How much have you ever spent on your own birthday or the birth anniversary of someone very close to you? More importantly, if money was no object, how much would you be willing to spend?
The Indian government seems to have answered that question today: Rs 100 crore.
It was the last item Finance Minister Arun Jaitley mentioned before he moved on to tax reforms in Budget 2016.
"I have also allocated initial sums of Rs 100 crore each for celebrating the birth centenary of Pandit Deen Dayal Upadhyay and the 350th birth anniversary of Guru Gobind Singh," Jaitley announced. He did not elaborate.
Make no mistake. Both personalities mentioned are already famous in their own right.
Guru Gobind Singh is the final temporal leader of Sikhism. His birth anniversary on January 16 is understandably a major occasion for every follower of the religion.
But let's face it, he is not a pan-Indian religious leader. And the Punjab government has already spent Rs 100 crore to observe the day. Which means that thanks to the generous addition by the government there is now going to be a whopping Rs 200 crore spent to commemorate the birth anniversary.
But while it is understandable that Punjab and even Sikh bodies would want to celebrate the occasion, does the Union government really need to be spending Rs 100 crore more on the same event? Does it plan to show the same level of generosity towards celebrating all festivals in the near future, whether of the majority or a minority? Or does it have more to do with an early state election next year?
Then there's the case of Deen Dayal Upadhyay, who apart from being an RSS ideologue is among the founding fathers of the BJP. His legacy may be spectacular, but the question you need to be asking yourself is: should the union government be celebrating this so lavishly? While the BJP might see the need to celebrate, lets not forget whose money is being spent for this.
Indians are no strangers to tax money being spent on random causes that are the brainchild of the government of the day. The Congress, during the UPA regime, spent crores on advertising the legacies of various Nehru-Gandhi family members. And there was the purely cosmetic Nirbhaya Fund just so that it could be made to seem like the government was responding to the protests seeking women's safety in the country.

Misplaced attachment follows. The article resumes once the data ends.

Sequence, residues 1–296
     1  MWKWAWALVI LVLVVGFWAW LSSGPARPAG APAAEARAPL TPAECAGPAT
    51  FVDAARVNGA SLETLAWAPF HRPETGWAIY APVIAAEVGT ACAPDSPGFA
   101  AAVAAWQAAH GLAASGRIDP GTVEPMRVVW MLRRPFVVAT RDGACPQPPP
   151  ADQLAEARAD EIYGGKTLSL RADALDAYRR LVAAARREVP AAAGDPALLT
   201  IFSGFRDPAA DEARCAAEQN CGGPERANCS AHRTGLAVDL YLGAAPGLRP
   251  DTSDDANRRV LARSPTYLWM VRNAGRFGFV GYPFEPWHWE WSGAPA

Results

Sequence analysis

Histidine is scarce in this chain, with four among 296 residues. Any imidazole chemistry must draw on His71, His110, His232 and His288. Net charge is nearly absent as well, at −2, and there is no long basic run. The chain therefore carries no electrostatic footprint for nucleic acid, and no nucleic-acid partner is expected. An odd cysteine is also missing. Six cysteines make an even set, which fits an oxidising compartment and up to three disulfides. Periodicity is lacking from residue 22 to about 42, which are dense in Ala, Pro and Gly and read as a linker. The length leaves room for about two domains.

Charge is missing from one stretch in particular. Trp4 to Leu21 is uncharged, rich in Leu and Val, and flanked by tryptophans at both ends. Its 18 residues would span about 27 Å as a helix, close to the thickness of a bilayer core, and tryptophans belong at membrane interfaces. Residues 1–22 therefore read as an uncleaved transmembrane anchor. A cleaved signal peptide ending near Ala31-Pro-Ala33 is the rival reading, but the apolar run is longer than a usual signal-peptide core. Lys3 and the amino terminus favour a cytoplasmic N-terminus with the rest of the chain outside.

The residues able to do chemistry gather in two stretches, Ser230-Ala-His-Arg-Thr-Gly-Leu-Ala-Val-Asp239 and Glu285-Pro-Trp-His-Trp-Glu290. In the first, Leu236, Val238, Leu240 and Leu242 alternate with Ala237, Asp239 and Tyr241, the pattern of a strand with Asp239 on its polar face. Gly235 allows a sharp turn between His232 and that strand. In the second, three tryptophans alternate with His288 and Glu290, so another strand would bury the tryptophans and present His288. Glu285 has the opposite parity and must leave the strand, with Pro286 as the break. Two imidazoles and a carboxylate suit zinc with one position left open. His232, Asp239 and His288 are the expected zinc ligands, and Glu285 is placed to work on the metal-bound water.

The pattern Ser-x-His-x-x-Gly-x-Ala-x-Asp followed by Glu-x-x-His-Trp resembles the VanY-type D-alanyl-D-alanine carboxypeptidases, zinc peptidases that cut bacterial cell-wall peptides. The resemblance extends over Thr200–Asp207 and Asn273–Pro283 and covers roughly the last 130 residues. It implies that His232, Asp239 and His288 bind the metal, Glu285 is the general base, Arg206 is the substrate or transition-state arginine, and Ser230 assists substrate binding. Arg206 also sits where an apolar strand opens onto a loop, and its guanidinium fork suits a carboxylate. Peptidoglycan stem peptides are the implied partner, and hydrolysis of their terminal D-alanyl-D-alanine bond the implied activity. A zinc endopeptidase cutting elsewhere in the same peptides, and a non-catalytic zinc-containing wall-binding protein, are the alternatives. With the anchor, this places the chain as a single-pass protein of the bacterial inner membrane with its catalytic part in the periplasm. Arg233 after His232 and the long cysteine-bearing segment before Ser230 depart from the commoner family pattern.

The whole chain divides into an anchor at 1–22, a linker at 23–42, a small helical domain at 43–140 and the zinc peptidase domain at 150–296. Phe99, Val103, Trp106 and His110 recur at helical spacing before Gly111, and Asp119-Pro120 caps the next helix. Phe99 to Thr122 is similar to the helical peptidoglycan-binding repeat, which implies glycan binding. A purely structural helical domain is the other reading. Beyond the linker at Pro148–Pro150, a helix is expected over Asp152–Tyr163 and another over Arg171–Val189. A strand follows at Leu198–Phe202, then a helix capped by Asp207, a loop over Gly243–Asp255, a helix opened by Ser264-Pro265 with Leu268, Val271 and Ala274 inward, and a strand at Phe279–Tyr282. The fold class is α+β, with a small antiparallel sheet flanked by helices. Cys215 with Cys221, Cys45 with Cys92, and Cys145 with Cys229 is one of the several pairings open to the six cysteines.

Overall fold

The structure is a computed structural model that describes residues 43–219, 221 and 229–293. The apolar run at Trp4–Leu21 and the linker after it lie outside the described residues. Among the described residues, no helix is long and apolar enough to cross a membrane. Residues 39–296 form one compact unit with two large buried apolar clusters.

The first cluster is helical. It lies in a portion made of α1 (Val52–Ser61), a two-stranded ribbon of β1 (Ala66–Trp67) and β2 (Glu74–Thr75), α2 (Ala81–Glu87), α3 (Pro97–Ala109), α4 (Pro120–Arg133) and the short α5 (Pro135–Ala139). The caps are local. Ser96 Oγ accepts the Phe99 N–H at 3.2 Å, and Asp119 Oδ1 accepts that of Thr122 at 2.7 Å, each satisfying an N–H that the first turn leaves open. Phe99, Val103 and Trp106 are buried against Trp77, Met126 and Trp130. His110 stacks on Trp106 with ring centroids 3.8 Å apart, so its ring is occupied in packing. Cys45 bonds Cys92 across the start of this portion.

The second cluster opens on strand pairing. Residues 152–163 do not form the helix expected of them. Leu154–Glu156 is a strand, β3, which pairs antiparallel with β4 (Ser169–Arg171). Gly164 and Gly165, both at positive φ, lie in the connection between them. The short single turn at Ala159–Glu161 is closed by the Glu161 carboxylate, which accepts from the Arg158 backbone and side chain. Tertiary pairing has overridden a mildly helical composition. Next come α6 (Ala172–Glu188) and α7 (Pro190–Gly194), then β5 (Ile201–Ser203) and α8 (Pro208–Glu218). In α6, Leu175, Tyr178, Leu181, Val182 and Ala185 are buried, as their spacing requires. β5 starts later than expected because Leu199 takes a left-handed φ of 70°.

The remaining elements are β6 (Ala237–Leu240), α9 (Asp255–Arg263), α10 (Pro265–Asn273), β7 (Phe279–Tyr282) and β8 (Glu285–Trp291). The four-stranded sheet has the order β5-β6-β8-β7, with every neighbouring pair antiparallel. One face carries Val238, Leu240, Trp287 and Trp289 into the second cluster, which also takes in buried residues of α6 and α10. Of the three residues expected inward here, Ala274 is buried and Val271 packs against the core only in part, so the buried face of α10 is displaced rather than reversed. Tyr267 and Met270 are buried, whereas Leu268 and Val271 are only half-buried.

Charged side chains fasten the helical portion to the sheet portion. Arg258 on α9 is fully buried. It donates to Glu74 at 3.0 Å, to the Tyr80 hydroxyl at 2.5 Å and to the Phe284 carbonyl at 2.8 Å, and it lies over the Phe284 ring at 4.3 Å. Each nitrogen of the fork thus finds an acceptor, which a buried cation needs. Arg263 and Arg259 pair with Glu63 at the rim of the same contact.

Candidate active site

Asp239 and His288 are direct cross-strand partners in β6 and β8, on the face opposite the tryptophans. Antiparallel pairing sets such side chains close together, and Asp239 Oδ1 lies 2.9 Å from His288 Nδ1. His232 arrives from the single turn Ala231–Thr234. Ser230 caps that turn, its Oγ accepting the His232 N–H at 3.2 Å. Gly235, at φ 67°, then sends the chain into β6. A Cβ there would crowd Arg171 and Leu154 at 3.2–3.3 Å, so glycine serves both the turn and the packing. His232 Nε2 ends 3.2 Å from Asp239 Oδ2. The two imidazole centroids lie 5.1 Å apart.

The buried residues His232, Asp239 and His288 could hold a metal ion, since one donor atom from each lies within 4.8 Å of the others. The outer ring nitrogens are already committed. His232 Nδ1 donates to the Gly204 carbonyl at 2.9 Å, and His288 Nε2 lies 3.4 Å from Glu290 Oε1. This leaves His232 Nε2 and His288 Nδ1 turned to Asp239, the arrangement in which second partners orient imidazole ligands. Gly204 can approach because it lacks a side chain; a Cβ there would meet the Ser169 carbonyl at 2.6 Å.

Most important takeaway for me form this budget: need to find out who this Deen Dayal Upadhyay is.— Suo Motu (@suo_motu) February 29, 2016
Budgets denote how the government of the country will spend every rupee it borrows and gets from its citizenry, and when it spends on schemes that have no obvious public gain, one has to wonder why. Look at all the other things it is spending on. Boosting public education, insurance schemes for the poor, agriculture insurance, irrigation schemes and novel initiatives that could make the life of its citizenry much easier. And that's what the people of India want to see.
Admittedly Rs 200 crore is small change in a budget where thousands of crores that are being allocated to change and improve lives across the country. But the greater question is, why? Is there no rural school that needs Rs 200 crore to be upgraded? No growing urban centre that needs better roads ? No public hospital in a district headquarters that needs new equipment?
Let's face it, there are multiple public facilities that could benefit from that amount, as small as it can seem to a man handling thousands of crores. It's a pity the government that the Modi government would fall prey to the same failing that they criticised in the Congress.